But saving him wasn’t an option. Trying to reverse his disease at this point would have been impossible. His brain had atrophied substantially, his hormones were out of whack, his digestion impaired, and he was developing what is often referred to as Diabetes of the Brain or Alzheimer’s disease. On top of that he was my mom’s husband. Even though she wasn’t fit to take care of herself, he was hers to take care of. I had no control in that house. I couldn’t come in and clean up their lives as I had so desperately hoped.
When I changed my diet 7 years ago and witnessed such massive transformations in myself, I wanted to save my loved ones too. I tried to force feed my mom with all this traditional wisdom mumbo jumbo but she was adamantly against the idea that she had ever done anything wrong. My sister was all for it but didn’t have the discipline. My dad thought it was fine for me but he didn’t need it.
Some people want help and some don’t.
We aren’t going to save the world with our knowledge of nutrition and disease. Addiction and belief are powerful forces. We can help ourselves and others who ask for it and we can accept things the way they are. That’s all.
Those three months were challenging. If I didn’t have a 4 year old kid to raise, if I had felt a little more detached from the reality of their problems, if I hadn’t suddenly relocated and left my life in California, if my mom weren’t depressed, angry, and controlling, if my mom and sister weren’t high all the time, it would have been easier.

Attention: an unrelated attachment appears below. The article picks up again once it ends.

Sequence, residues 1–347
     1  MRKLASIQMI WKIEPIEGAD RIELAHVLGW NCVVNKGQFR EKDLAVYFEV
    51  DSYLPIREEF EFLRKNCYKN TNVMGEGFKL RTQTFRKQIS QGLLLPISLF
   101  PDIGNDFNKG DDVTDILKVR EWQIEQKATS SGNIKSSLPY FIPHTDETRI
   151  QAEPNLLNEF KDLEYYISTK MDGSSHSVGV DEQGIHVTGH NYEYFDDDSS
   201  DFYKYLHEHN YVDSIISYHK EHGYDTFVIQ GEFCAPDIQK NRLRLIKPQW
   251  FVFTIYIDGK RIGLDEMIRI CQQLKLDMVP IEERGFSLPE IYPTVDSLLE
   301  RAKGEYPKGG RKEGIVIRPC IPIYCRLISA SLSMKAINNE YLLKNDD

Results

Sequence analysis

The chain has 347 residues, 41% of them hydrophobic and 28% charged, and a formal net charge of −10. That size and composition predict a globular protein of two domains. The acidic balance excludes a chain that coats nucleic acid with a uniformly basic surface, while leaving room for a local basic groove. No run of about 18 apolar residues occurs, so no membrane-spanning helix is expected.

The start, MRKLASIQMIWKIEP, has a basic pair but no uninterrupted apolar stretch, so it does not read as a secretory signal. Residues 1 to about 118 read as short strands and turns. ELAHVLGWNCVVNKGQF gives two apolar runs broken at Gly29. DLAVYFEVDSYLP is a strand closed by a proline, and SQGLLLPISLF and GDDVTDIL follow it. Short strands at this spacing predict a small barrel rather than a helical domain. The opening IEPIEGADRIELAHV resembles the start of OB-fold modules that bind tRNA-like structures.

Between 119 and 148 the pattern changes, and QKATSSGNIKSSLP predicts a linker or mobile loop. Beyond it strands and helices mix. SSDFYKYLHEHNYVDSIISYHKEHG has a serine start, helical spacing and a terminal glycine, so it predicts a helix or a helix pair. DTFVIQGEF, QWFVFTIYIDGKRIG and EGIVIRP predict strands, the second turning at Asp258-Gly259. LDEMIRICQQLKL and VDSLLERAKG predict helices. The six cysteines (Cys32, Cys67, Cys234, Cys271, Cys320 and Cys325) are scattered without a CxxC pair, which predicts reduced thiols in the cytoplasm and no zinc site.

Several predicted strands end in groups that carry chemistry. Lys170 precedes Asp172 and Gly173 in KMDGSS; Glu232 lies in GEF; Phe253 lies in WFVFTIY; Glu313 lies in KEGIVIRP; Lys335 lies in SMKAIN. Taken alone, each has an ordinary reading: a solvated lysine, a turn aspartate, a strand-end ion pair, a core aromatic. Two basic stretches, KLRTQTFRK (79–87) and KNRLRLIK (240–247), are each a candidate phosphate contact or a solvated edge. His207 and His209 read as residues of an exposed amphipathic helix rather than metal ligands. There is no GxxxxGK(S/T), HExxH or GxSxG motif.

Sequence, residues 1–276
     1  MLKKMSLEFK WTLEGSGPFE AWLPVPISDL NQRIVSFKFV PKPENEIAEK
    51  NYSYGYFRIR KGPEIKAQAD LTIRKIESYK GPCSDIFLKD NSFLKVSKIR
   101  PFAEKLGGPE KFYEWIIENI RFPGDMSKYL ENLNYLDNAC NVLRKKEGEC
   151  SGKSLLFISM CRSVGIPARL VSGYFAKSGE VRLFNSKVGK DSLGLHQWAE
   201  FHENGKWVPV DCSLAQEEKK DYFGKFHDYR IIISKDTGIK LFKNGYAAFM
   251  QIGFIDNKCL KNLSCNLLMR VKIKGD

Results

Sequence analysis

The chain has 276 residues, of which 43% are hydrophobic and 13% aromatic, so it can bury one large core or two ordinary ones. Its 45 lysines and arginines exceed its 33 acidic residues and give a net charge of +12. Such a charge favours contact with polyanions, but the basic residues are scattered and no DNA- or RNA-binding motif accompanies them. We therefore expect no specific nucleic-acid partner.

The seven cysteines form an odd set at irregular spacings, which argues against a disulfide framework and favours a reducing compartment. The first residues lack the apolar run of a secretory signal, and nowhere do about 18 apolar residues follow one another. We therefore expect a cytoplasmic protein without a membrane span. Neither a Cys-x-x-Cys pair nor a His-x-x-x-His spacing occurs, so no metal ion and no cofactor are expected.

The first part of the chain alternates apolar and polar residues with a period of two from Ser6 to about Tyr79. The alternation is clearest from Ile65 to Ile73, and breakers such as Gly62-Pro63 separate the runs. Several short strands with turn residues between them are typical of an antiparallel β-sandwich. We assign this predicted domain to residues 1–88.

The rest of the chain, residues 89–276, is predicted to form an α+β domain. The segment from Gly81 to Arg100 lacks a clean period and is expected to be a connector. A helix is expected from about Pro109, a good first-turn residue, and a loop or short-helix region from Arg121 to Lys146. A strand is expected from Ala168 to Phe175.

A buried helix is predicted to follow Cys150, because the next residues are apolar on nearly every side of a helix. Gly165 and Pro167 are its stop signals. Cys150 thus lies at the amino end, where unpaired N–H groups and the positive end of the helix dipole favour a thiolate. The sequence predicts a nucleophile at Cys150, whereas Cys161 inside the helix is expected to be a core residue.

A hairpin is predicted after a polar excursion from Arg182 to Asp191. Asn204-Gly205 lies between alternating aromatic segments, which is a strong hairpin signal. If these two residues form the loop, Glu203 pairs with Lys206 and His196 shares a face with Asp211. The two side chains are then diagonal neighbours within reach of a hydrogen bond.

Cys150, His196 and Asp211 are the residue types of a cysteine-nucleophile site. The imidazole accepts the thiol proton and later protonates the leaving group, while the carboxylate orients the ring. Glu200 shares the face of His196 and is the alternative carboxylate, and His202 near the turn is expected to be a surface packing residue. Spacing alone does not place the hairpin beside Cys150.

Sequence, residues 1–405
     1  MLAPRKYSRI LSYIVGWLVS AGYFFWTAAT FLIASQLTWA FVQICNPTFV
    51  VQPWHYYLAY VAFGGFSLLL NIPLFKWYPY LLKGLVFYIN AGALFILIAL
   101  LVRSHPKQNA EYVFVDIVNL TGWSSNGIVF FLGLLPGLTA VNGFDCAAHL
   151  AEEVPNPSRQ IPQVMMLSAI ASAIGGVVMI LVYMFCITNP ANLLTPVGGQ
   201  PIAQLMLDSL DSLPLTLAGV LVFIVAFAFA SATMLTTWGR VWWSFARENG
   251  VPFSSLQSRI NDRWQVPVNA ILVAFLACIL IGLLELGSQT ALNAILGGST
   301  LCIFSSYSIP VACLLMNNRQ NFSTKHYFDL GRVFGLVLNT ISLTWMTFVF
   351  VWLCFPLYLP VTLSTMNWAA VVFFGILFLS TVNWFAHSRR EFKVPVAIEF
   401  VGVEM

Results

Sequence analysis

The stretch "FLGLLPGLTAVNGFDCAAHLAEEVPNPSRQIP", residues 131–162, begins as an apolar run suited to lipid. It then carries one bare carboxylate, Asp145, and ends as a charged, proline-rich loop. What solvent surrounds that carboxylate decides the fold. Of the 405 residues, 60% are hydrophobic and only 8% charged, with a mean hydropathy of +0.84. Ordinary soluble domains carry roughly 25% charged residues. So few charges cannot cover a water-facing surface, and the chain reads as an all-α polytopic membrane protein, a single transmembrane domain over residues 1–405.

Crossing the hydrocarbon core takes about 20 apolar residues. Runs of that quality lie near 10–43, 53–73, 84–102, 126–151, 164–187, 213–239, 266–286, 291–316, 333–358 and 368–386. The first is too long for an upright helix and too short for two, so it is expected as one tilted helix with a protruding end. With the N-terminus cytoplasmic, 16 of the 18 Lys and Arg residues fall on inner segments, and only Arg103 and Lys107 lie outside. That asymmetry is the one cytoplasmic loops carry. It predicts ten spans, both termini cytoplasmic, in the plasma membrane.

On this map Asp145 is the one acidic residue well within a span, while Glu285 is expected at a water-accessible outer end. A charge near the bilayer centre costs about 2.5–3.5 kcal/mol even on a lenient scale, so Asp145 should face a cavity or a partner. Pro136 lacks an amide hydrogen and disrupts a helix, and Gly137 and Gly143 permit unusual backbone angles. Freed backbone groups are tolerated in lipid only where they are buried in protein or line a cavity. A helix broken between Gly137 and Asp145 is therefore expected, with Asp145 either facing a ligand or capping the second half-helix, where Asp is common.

But none of that matters now. My dad and sister are dead and those months are just about as precious to me as any time I ever spent with them.
It’s better that he’s gone anyway. His last few months were tough. His hip gave out and gout attacked his feet. He couldn’t walk anymore without falling and doing himself some real harm. He couldn’t hear well. He didn’t know who any of us were. Somehow he was content anyway, unlike many who decline in this way. He was a go-with-the-flow kind of guy, always basically happy with his lot in life. But, still, what kind of life is that?
Thursday afternoon he unexpectedly died, at age 78. He had stopped eating and there wasn’t much they could do to save him. I sat with his yellowing, motionless body for hours. I think I could have stayed there for days. He looked so calm and serious, just like I remembered him.
My dad, who I traveled all over Mexico and Central America with, who taught me math, who taught me to ski and to rock climb and to scuba dive, who gave me my cold and terse personality, is gone. Ah fuck man. My dad was bad ass. He just didn’t know that TV dinners, ice cream, and soda would rot his brain. And, frankly, he didn’t care.
He was an engineer. He read and did body resistance exercise everyday of his life up until he couldn’t anymore. He studied and solved problems. He watched very little TV. He did yard work and fixed things. He walked a lot.
Aren’t those the things which mainstream experts say will prevent Alzheimer’s disease?
Well, it’s all bullshit.
Without nutrition you haven’t got a chance in this world.